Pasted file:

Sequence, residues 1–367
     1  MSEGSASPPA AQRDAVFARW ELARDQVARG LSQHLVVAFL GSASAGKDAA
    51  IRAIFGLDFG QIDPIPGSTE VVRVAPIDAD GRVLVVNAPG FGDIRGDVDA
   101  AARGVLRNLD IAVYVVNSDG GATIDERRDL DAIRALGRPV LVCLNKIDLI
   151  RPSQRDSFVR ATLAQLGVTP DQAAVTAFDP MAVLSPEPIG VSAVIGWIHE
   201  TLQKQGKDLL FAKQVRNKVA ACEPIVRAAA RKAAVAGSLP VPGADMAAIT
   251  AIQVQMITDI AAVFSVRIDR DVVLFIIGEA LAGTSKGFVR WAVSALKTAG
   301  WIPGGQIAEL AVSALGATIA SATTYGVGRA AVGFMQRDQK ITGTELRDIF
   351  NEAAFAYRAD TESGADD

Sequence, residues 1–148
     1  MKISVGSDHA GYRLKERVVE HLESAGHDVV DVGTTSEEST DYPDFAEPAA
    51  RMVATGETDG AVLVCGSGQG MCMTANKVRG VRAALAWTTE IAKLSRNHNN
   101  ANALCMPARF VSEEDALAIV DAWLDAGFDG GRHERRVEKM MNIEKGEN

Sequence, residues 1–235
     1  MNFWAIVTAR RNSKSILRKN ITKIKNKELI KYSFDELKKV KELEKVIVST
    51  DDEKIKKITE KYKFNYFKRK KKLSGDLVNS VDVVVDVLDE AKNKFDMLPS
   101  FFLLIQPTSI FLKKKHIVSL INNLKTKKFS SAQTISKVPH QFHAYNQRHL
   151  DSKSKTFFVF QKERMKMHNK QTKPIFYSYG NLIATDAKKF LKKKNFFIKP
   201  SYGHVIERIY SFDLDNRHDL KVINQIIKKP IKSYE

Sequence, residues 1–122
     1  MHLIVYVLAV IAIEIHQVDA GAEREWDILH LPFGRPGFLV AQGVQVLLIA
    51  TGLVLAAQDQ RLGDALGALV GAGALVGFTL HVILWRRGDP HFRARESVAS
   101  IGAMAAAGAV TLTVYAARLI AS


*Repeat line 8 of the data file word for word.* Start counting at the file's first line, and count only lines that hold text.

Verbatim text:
   301  WIPGGQIAEL AVSALGATIA SATTYGVGRA AVGFMQRDQK ITGTELRDIF